As I say, most takeovers never happen, or they’re not as lucrative to investors as the hype suggests.

We’ll take this gain

One of the stocks we backed in Tactical Wealth to play the abolition of the ‘reach rule’ was Seven West Media Ltd [ASX:SWM]. It has done well so far. Subscribers who followed the advice could be up around 35%.

The other stock we backed was Prime Media Group Ltd [ASX:PRT]. That hasn’t played out quite so well yet. We’re down 18%.

All up it’s an average return of 8.4%. We’ll take that for now.

The best in Australia

A couple of months ago, Sam Volkering told his Australian Small-Cap Investigator subscribers to take profits on Bellamy’s Australia Ltd [ASX:BAL].

The stock was riding high, but he said take profits. He copped some flak for doing so, especially after the share price continued to rise.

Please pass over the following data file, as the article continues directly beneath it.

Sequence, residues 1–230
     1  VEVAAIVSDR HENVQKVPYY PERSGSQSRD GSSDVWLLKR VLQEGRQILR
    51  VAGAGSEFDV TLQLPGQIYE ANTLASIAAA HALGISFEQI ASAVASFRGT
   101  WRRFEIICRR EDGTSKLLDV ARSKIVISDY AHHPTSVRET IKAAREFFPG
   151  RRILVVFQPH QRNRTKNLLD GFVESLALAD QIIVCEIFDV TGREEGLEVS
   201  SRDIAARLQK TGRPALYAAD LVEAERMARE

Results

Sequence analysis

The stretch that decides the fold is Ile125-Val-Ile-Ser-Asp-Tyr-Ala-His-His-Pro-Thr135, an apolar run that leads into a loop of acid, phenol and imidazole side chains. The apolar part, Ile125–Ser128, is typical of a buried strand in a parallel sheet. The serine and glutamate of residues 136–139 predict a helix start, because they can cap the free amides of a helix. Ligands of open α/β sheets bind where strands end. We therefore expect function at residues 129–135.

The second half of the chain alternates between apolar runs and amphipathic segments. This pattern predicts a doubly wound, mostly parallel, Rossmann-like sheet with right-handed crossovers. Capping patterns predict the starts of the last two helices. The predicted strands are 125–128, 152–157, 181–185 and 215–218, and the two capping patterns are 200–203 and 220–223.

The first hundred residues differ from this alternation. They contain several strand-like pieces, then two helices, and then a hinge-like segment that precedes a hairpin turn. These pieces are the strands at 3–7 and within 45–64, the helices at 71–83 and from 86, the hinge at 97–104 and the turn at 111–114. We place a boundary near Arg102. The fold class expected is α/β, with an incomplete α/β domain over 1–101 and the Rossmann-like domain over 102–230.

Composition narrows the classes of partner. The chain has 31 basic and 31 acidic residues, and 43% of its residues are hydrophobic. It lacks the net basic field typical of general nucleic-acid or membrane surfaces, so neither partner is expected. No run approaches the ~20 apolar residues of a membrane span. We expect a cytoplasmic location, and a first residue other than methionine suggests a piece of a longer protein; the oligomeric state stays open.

But today, the share price is well below Sam’s recommended exit point. Subscribers who followed his advice to sell should have pocketed a nice gain.

Well, Sam has other opportunities for investors to consider in Aussie small-caps. If you don’t yet subscribe to what I believe is the best small-cap service in Australia, look out for details in your email inbox tomorrow.

Cheers,
Kris

……………………………………………………………………………………………………..

 

End of day market data

If you have any ideas about what you would like us to include in our end of day market data drop us a line at letters@portphillipinsider.com.au, and type ‘Market data’ in the subject line.

52-week highs: 27 stocks, including Catalyst Metals Ltd [ASX:CYL], Costa Group Holdings Ltd [ASX:CGC], Mayne Pharma Group Ltd [ASX:MYX], Orocobre Ltd [ASX:ORE], and Orora Ltd [ASX:ORA].

52-week lows: 28 stocks, including 1-Page Ltd [ASX:1PG], Huon Aquaculture Group Ltd [ASX:HUO], New Hope Corp Ltd [ASX:NHC], Urbanise.com Ltd [ASX:UBN], and Virgin Australia Holdings Ltd [ASX:VAH].

Note: The stocks listed above are stocks that hit an intra-day 52-week high or low during today’s trading. The stocks didn’t necessarily close at the 52-week high or low.